There’s more magic in a Christmas cracker than there is in Steve Soderbergh’s new movie ‘Magic Mike’.
‘Magic Mike’ is loosely based on the real life experiences of leading man Channing Tatum (pictured above) who plays 30 something stripper Mike Lane.
It is believed that when he was 19 years-old, Tatum moved to Tampa (the setting for ‘Magic Mike’) where he worked as a male stripper before he was spotted by a talent scout. The rest, they say, is history.
‘Magic Mike’ tells the story of roofer by day, ageing stripper by night Mike (Tatum).
Mike lives a life of luxury and due to his exploits as Tampa’s number one male stripper he resides in a beach house over looking the ocean. Life couldn’t be any better.
When he’s not busy getting his clothes off in front hundreds of sexually frustrated women, Mike works as a roofer during the day. It’s here that he meets 19 year-old misfit Adam (Pettyfer).
Adam turned his back on a football scholarship when he got into a fight with his coach on the first day and as a result he’s forced to slum it on his sister Brooke’s (Cody Horn) sofa.
Mike takes Adam under his wing and after a little dab of opportunism Adam’s strutting his stuff on his stage with Mike at the Xquisite male strip club.
It’s at Xquisite that Adam is introduced to the welcomingly manic club owner and seasoned male stripper, Dallas.
What follows is largely predictable and the final act is so poorly put together that you’ll perhaps find yourself laughing it is so far-fetched.
On the surface of it, ‘Magic Mike’ could be described as ‘Show Girls’ for women.
It documents the superficiality of the male stripper and explains that despite the attention of hundreds of women, their existence can be often vacuous and almost without purpose.
Had Soderbergh chosen to focus more on this interesting aspect then it would have almost certainly have resulted in a much better movie.
Instead, Soderbergh crams Mike’s turmoil and unease with what his life has become into a 20 minute section at the end.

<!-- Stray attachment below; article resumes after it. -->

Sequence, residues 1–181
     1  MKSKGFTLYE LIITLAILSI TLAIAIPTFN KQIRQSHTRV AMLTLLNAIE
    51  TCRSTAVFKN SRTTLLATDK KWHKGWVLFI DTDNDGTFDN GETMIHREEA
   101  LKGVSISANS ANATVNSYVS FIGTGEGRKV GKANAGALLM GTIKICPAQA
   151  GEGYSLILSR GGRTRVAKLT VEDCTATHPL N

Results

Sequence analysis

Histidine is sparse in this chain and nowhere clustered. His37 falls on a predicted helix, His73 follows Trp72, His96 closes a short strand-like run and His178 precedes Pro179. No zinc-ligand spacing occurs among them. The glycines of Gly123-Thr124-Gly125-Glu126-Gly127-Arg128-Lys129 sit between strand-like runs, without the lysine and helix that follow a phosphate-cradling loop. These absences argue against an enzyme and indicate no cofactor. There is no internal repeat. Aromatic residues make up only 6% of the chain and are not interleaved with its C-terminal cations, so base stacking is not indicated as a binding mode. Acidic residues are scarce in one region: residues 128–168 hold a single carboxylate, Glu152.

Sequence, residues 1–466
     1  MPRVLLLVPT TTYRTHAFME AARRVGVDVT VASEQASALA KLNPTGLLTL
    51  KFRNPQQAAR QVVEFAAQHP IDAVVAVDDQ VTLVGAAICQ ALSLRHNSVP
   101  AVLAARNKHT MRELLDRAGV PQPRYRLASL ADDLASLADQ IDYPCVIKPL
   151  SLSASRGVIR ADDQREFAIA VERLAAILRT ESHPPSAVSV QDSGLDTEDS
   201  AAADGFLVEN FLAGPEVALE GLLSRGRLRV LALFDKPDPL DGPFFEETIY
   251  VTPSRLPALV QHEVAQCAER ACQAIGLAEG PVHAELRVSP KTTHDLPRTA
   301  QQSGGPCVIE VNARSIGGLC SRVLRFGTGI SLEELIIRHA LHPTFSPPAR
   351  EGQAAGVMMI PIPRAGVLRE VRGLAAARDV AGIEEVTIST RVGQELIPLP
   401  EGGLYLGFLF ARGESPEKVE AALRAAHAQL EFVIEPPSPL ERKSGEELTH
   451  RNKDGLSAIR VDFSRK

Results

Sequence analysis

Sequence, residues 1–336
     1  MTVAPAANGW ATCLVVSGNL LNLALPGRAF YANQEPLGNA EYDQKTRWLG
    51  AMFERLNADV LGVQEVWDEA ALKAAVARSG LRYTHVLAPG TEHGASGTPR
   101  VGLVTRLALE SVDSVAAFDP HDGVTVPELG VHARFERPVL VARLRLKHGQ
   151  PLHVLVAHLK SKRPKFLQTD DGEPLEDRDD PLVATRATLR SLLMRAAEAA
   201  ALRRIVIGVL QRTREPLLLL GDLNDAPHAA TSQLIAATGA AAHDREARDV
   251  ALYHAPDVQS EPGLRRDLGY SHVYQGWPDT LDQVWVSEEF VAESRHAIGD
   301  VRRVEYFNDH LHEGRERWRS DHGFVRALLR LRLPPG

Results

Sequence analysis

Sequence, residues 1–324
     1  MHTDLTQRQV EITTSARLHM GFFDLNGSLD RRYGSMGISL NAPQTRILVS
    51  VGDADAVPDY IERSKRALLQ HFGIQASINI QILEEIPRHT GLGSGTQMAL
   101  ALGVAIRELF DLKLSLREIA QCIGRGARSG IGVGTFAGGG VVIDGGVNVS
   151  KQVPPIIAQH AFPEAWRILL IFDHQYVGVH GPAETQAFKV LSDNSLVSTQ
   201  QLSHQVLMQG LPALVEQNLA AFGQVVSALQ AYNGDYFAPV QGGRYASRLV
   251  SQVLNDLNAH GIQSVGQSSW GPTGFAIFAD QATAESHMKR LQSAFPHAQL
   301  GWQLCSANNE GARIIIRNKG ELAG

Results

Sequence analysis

‘Magic Mike’ is arguably one of the most predictable films of 2012 so much so that within seconds of Brooke appearing on screen we know that both she and Mike are going to end up romantically involved.
If the plot’s predictability was not enough to leave you feeling disappointed then there is the performance of new comer Cody Horn as Adam’s sister Brooke.
Horn is so excruciatingly annoying that it’s totally implausible that Mike would pursue her.
Let’s face it, Mike can have almost any women he wants but the audience is supposed to buy that he is in someway interested in Brooke? It just doesn’t fly at all.
Brooke’s character is on the money but it’s the casting of Horn in the role that is not right.
When Horn and Tatum share screen time together we are supposed to believe that here are two people who fancy the pants off one another but instead you’re left thinking that more warmth and affection exists between Gerry Adams and Jim Allister.
Tatum is not bad as Mike but Pettyfur’s Adam is so predictably one dimensional that he makes a cardboard cut out of himself seem more life like.
The movie’s saving grace is McConaughey’s performance as veteran male stripper and club owner Dallas.
Only McConaughey could get away with wearing leather chaps and a cowboy hat - if it was anyone else it would look ridiculous.
Dallas is in pursuit of a fortune and despite the fact that he appears to be in his forties, he’s hell bent on taking his show to Miami to realise his dream.
McConaughey captures Dallas perfectly and his display resides snugly between the not over the top and the satisfyingly crazy.
It’s hard to believe that ‘Magic Mike’ comes from the same director that brought us ‘Contagion’, ‘The Informant’ and ‘Oceans 11’.
Be that as it may, it’s yet another example of just how versatile a director Soderbergh is but this time round we’re left feeling more like full Irish breakfast than Full Monty.
There’s nothing that magic about Mike, unfortunately.
Verdict - 2/5 - ‘Magic Mike’ threatens to become so much more than a movie about male strippers but unfortunately it never quite makes the leap. Tatum’s Mike is fine, Horn’s Brooke is horrific, Pettyfur’s Adam is poor but McConaughey’s Dallas is magnificent. Poor decision making by Soderbergh has cost him dearly and had he chosen to focus more on the vacuous existence of the male stripper then ‘Magic Mike’ might have been a movie to remember